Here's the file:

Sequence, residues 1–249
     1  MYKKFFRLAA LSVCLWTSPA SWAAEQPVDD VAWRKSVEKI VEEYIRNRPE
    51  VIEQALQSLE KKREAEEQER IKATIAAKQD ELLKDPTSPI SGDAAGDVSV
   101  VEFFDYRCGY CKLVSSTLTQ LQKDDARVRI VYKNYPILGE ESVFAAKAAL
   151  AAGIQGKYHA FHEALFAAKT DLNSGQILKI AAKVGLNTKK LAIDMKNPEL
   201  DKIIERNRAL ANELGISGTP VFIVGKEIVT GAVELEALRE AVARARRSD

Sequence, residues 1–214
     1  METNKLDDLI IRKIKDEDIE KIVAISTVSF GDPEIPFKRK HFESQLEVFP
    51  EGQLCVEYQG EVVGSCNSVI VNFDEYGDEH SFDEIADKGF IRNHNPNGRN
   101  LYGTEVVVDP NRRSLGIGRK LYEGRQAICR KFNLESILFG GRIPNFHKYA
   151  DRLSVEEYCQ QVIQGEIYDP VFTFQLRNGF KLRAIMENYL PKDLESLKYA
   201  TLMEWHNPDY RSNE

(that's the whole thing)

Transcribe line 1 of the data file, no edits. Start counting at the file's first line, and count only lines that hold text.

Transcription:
Sequence, residues 1–249